Applied Viscoelasticity

  • S. I. Krishnamachari


The term viscoelasticity stands for all the aspects of time dependent response of stress to strain and vice versa. It is the characteristic that contrasts the behavior of plastics most from that of metals. It manifests itself in the form of many different time dependent phenomena. In the description of such phenomena we may consider applied stress, loading types, loading rate, strain, strain rate, time elapsed, and lastly the temperature, as independent variables. Temperature is perhaps the strongest variable of all. Because of the large number of variables involved, the description of viscoelasticity has to be made necessarily through its aspects, namely creep, relaxation and recovery. Creep is the strain response to a stress that is constant with time. Relaxation is the stress response to an applied constant strain. Recovery is the strain response to a stress that has been removed. Besides these aspects, a whole range of special behaviors and properties are revealed when periodic loading is applied. In a manner very similar to voltage and currents in alternating current electric circuits, there is time difference between applied stress and resulting strain. Strain lags behind applied stress. A description of viscoelasticity in three dimensions is very complex. Nonlinearities in viscoelastic behavior only add to the complexity. Furthermore, there are no simple failure criteria in the context of viscoelastic behavior. Depending upon the level of stress, the time elapsed, and the type of material, the material can “fail” due to crazing, ductile creep rupture, or brittle creep rupture. The different modes of failures correspond to different and independent mechanisms.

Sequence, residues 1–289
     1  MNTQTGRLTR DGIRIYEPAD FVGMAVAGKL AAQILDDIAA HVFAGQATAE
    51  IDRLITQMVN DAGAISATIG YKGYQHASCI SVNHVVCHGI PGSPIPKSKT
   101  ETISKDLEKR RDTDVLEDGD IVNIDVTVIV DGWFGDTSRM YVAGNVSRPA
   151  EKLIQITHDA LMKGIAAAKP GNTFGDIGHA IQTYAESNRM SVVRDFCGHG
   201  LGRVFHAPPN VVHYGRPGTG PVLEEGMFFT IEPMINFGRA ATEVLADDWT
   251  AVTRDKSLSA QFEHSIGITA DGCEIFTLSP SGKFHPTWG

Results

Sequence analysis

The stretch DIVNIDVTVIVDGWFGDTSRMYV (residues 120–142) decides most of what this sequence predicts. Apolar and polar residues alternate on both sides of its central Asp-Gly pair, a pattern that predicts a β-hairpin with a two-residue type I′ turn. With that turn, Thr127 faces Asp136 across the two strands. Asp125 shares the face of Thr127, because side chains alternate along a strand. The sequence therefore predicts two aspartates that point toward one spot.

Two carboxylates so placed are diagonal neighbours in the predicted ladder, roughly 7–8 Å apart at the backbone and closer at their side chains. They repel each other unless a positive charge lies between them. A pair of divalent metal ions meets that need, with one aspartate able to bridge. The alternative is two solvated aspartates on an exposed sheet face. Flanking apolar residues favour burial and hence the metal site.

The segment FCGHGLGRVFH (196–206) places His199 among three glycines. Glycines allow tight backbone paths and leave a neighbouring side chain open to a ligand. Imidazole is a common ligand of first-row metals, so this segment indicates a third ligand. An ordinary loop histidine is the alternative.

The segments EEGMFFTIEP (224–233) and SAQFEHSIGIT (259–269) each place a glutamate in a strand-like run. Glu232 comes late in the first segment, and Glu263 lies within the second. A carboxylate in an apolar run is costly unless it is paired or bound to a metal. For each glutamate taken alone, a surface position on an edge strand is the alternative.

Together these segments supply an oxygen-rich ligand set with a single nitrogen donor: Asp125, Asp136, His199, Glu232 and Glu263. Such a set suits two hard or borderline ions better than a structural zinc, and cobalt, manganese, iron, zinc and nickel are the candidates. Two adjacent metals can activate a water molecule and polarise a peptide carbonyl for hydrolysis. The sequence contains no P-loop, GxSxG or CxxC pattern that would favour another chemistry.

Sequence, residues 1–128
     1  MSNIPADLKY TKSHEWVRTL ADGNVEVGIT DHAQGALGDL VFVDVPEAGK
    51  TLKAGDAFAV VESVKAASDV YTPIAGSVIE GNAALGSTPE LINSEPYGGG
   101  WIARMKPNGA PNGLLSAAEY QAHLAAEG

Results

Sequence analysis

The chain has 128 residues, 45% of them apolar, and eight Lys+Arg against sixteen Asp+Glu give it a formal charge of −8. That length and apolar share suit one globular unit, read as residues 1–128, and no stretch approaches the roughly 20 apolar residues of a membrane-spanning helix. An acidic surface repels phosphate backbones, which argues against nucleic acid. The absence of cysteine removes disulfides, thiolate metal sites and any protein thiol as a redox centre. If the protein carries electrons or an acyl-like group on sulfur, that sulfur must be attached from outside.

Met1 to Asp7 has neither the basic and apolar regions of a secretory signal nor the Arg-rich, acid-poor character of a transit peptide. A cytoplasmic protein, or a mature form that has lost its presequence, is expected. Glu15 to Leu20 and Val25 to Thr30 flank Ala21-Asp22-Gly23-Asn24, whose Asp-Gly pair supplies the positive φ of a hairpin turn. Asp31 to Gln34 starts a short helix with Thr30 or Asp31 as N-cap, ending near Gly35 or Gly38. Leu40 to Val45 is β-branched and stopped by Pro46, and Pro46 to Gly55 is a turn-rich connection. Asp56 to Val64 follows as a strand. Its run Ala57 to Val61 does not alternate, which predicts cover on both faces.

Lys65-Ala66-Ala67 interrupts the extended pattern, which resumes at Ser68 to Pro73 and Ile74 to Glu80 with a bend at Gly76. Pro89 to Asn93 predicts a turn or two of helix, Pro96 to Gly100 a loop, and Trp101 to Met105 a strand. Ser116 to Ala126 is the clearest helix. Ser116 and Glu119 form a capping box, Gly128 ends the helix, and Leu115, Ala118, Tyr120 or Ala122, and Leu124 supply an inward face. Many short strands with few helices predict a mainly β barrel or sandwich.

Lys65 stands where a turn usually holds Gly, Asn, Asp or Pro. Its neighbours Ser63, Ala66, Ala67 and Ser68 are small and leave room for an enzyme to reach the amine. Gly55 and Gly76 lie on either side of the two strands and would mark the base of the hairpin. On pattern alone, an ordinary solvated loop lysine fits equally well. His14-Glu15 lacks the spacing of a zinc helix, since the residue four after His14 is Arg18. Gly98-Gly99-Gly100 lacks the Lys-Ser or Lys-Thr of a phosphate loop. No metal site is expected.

Creep Strain Strain Cycling Relaxation Modulus Creep Compliance Correspondence Principle 
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Copyright information

© Springer Science+Business Media New York 1993

Authors and Affiliations

  • S. I. Krishnamachari
    • 1
  1. 1.L.J. Broutman & Associates, Ltd.ChicagoUSA

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